CMEEC board fires indicted CEO Drew Rankin
The indicted CEO of an energy cooperative at the center of a controversy over lavish trips to the Kentucky Derby was terminated Thursday following a three-hour, closed-door hearing at a hotel conference room in Orange.
Drew Rankin, CEO of the Connecticut Municipal Electric Energy Cooperative since 2011, had been placed on unpaid leave Nov. 9, one day after he was indicted along with four other CMEEC officials on several federal corruption charges connected with their leadership roles in organizing trips to the Kentucky Derby for four years and a 2015 trip to The Greenbrier luxury golf resort in West Virginia.
Following Thursday’s hearing, the CMEEC board voted unanimously without discussion to terminate Rankin’s employment “for cause” and to award him back pay dated to Nov. 9 based on his annual salary of 1.1 million, according to the indictments.
Rankin faces the same four charges in a second indictment that alleges CMEEC reimbursed former board Chairman James Sullivan of Norwich, also charged in both indictments, for nearly 170 million in savings for its members since Rankin took over as chief executive officer in 2011, Raabe wrote. CMEEC’s enabling statute encourages CMEEC to act “in an entrepreneurial manner and grants CMEEC ‘any and all powers that might be exercised by a natural person or private corporation in connection with similar property and affairs,’” Raabe quoted from the statute.
The indictments “second guess CMEEC’s business judgment and to meddle in the affairs of this highly successful, quasi-public entity,” Raabe argued.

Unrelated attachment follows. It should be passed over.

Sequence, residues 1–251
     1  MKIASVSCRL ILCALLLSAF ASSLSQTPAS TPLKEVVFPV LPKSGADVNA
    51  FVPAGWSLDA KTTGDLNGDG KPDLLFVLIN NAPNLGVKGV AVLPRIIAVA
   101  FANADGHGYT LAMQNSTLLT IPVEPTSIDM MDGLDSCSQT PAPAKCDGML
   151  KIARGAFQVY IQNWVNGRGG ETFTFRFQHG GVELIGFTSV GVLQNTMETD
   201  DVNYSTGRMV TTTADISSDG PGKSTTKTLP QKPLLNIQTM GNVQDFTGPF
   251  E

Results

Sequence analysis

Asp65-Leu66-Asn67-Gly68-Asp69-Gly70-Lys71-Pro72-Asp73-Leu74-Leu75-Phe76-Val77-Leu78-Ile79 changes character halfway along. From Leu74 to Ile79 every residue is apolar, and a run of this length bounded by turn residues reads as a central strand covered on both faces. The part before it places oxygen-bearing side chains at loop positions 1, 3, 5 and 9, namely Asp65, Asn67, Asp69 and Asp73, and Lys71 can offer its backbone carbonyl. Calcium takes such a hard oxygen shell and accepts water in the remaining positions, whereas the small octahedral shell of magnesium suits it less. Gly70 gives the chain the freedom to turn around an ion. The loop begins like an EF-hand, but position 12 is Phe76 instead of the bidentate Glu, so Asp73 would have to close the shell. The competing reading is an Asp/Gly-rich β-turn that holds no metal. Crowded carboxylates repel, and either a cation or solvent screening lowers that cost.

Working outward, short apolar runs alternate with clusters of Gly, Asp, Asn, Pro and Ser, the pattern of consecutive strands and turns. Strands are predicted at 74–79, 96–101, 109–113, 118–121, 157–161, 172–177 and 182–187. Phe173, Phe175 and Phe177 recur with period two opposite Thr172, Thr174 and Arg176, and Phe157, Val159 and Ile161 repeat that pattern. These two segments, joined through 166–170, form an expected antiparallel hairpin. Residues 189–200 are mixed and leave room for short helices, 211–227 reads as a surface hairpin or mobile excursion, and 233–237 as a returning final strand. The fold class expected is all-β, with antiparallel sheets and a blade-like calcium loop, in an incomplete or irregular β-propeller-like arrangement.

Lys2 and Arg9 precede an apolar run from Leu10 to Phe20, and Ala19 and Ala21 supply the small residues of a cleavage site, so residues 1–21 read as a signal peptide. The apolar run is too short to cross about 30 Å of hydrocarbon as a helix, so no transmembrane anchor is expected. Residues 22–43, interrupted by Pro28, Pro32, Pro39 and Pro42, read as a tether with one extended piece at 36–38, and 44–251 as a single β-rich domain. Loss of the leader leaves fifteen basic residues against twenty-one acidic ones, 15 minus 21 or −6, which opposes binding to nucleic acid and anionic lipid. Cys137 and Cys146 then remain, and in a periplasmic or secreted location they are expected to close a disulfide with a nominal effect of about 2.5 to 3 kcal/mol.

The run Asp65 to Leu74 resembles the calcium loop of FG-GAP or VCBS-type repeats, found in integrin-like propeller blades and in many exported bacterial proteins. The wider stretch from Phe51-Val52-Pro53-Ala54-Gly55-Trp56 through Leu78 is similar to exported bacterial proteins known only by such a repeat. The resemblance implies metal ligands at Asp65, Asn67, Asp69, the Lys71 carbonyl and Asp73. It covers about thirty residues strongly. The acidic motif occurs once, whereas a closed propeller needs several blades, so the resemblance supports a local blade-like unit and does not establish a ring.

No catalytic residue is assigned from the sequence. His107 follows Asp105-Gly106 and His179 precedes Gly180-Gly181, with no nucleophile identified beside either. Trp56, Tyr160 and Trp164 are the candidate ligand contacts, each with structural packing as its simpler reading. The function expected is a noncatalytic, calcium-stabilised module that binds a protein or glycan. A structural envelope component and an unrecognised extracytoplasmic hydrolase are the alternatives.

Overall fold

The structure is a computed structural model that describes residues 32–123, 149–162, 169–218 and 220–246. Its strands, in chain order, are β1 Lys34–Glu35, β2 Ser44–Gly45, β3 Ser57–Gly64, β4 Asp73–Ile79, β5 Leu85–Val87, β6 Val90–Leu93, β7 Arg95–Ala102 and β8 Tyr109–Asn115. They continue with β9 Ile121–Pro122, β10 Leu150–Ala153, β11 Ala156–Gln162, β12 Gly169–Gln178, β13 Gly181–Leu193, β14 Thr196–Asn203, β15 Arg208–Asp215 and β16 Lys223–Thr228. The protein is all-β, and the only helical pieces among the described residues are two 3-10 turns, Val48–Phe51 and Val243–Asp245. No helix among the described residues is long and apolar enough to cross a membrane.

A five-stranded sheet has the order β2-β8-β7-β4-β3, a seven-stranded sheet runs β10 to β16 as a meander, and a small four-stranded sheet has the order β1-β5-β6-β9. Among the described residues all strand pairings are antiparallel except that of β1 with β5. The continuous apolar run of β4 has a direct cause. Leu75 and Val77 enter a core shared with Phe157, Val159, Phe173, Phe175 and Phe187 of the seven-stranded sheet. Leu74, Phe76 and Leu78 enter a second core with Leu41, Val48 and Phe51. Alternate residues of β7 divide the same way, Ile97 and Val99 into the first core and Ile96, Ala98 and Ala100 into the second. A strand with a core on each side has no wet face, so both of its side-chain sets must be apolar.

Raabe wrote that one indictment alleges that Rankin stole from CMEEC by “openly planning and conducting strategic retreats at the Kentucky Derby and The Greenbrier resort, retreats that CMEEC’s unindicted board members were invited to and knowingly and voluntarily attended and enjoyed (including several of its current Board members).”
Regarding the second indictment, Raabe wrote that long before Rankin became CEO in 2011, Sullivan had traveled on CMEEC business and “consistently received reimbursement” for those expenses.
“CMEEC continued that reimbursement during Mr. Rankin’s tenure and the federal government determined in its misplaced, non-entrepreneurial judgment that the level of reimbursement was inappropriate and it indicted Mr. Rankin.”
Raabe argued that it is essential that Rankin and four co-defendants be given copies of the FBI and IRS materials to review “in their own time and as often as they would like.” Rankin can best assess whether witness statements are true, Raabe wrote.
Dunham countered that there are “significant concerns” about allowing the defendants unfettered access to the huge volume of documents, including the risk that information could be lost, stolen or accessed by unauthorized third parties.
“Such dissemination risks tainting the jury pool, permitting witnesses to tailor their testimony and quoting or misquoting out of context reports that do not purport to be the director words of witnesses,” Durham wrote.